• EBM

Healthiest milk alternative

From our post on milks and the environment, we found that oat and soy milk alternatives are the best all-rounders in terms of environmental impact, but which is the healthiest? All plant-based milk alternatives contain zero cholesterol which is an instant bonus, but how do rice, soy, oat and almond milk stack up in other health-promoting areas?


Almond milk

Pros

Low in calories, only 12 to 25 kcal per 100 ml (9).

High levels of alpha-tocopherol (vitamin E): a powerful antioxidant that can protect cells from cancer-promoting and CVD-promoting effects of free radicals (12).

Contains arabinose, which has prebiotic properties benefitting the gut (11).

Cons

Low average protein content ranging from 0.31 to 0.59 g per 100ml (9).


Rice milk

Pros

Contains phytosterols, which help to lower cholesterol and provides anti-diabetic, anti-inflammatory and anti-oxidative effects (10).

Cons

A whopping 89% of the total energy in rice comes from carbohydrates which is not as balanced a nutritional serving as the competitors (13).

Lowest protein content at 0.28 g per 100 ml (9).


Soy milk

Pros

Highest protein content, with a range from 2.50 to 3.16 g per 100 ml (9).

High levels of mono-unsaturated fatty acids and poly-unsaturated fatty acids which help in controlling cardiovascular health and cancer formation (7,8).

Contains lectins, which significantly reduce glucose absorption in the intestines, lowering overall caloric intake (6).

Has isoflavones which help to protect against the effects of cancer, cardiovascular events, and osteoporosis (5).

Soy includes phytosterols which have cholesterol-lowering properties (4).

Cons

High levels of phytic acid which can bind to calcium, reducing the amount that is able to be absorbed (bioavailability) (1).


Oat milk

Pros

Contains beta-glucans which reduce LDL cholesterol when consumed at or above 2.9 g per day (3).

A decent source of quality protein with a good amino acid balance (2).

Cons

Similarly to soy milk, oat milk contains phytates, reducing calcium bioavailability, however, the effect is less so in oat milk compared to soy (1).

To sum this up, one of the research papers looking into the evidence behind the healthiest milk alternative concluded their thoughts like this: ‘It is quite clear that nutritionally soy milk is the best alternative …. But, various issues including the “beany flavor” and presence of anti-nutrients are major hurdles.’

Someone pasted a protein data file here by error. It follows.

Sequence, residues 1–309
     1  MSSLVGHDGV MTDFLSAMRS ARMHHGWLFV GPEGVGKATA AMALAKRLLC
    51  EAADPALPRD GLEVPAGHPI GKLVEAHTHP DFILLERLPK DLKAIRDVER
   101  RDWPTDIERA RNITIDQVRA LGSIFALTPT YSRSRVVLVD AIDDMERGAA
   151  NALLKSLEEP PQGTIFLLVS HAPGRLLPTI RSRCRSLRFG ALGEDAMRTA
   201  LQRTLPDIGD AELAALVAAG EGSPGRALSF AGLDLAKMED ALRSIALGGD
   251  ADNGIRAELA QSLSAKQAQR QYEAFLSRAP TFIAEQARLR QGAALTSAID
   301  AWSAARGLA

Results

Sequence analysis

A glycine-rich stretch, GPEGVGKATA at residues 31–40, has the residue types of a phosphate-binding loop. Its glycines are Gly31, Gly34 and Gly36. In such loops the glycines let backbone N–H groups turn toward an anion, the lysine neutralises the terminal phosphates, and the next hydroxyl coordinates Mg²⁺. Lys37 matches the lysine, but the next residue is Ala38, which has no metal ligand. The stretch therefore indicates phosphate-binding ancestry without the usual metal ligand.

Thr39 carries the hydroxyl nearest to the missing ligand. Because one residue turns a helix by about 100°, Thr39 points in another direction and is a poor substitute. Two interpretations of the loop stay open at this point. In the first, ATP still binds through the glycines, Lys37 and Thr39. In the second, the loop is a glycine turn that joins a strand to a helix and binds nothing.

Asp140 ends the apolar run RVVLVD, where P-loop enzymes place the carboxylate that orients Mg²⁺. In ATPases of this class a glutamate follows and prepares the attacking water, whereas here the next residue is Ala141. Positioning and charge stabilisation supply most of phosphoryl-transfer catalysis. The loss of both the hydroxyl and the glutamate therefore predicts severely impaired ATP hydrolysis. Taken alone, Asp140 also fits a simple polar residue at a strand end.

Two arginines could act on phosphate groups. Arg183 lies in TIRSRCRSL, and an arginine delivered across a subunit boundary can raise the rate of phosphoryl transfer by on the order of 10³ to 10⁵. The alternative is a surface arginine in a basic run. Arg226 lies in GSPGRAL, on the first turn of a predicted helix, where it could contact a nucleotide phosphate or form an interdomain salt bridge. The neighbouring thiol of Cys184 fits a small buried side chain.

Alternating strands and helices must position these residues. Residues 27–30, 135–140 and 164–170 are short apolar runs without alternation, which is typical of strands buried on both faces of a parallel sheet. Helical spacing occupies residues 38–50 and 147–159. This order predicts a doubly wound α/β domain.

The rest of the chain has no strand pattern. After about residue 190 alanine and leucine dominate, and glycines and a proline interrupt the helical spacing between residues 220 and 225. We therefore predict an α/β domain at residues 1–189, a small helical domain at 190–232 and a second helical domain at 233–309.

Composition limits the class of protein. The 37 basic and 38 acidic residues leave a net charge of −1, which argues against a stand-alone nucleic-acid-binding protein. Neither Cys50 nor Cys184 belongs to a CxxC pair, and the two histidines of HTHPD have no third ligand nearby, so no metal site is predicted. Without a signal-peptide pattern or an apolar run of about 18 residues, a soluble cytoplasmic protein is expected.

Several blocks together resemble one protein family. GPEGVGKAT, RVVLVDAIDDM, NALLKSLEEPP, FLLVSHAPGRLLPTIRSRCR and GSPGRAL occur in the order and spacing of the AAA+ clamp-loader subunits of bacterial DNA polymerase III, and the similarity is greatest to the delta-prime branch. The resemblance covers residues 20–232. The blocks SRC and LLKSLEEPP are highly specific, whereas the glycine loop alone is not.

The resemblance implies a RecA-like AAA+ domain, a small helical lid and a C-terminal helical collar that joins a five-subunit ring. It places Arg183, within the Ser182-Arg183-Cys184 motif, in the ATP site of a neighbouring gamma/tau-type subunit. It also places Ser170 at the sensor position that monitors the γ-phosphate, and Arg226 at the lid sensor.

What to munch:

I think this is a fair summary - soy seems to be nutritionally the best if you enjoy the flavour and eat a diverse diet to complement it, again oat milk seems like a great option second to soy. Who knew you could benefit your planet and your health in one go, it seems like as good a time as ever to start introducing them into our diets or changing over from other milks.


I hope you learnt something new reading this article, what do you have to add to this brief list of benefits and what milk do you enjoy out of the above?


The Evidence:

1) Graf, E. (1983). Calcium binding to phytic acid. Journal of Agricultural and Food 576 Chemistry, 31, 851–855.

2) Sethi, S., Tyagi, S. K., & Anurag, R. K. (2016). Plant-based milk alternatives an emerging segment of functional beverages: a review. Journal of food science and technology, 53(9), 3408–3423. doi:10.1007/s13197-016-2328-3

3) Othman, R. A., Moghadasian, M. H., Jones, P. J., Butt, M. S., Tahir-Nadeem, M., Khan, M., et 648 al. (2011). Cholesterol-lowering effects of oat β-glucan. Nutrition Reviews, 69, 299–309.

4) Fukui K, Tachibana N, Wanezaki S. Isoflavone free soy protein prepared by column chromatography reduces plasma cholesterol in rats. J Agric Food Chem. 2002;50(20):5717–5721.

5) Omoni AO, Aluko RE. Soybean foods and their benefits: potential mechanisms of action. Nutr Rev. 2005;63(8):272–283.

6) Santiago, J. G., Levy-Benshimol, A., & Carmona, A. (1993). Effect of Phaseolus vulgaris lectins on glucose absorption, transport, and metabolism in rat everted intestinal sacs. Journal of Nutritional Biochemistry, 4, 426–430.

6) Kris-Etherton PM, Committee ftN (1999) Monounsaturated fatty acids and risk of cardiovascular disease. Circulation 100:1253–1258.

7) Tavazzi L, Maggioni AP, Marchioli R, Barlera S, Franzosi MG, Latini R, Lucci D, Nicolosi GL, Porcu M, Tognoni G, Gissi HFI (2008) Effect of n-3 polyunsaturated fatty acids in patients with chronic heart failure (the GISSI-HF trial): a randomised, double-blind, placebo-controlled trial. Lancet (London, England) 372:1223–1230

8) Chalupa-Krebzdak, S., Long, C. J., & Bohrer, B. M. (2018). Nutrient density and nutritional value of milk and plant-based milk alternatives. International Dairy Journal. doi:10.1016/j.idairyj.2018.07.018

9) Biswas S, Sircar D, Mitra A, De B. Phenolic constituents and antioxidant properties of some varieties of Indian rice. Nutr Food Sci. 2011;41(2):123–135.

10) Mandalari G, Nueno-Palop C, Bisignano G, Wickham MSJ, Narbad A. Potential prebiotic properties of almond (Amygdalus communis L.) seeds. Appl Environ Microbiol. 2008;74(14):4264–4270.

11) National Institutes of Health. (2018b). Vitamin E - Fact sheet for health professionals. Retrieved July 7, 2019, from https://ods.od.nih.gov/factsheets/VitaminE-HealthProfessionals

12) Vanga, S. K., & Raghavan, V. (2017). How well do plant based alternatives fare nutritionally compared to cow’s milk? Journal of Food Science and Technology, 55(1), 10–20.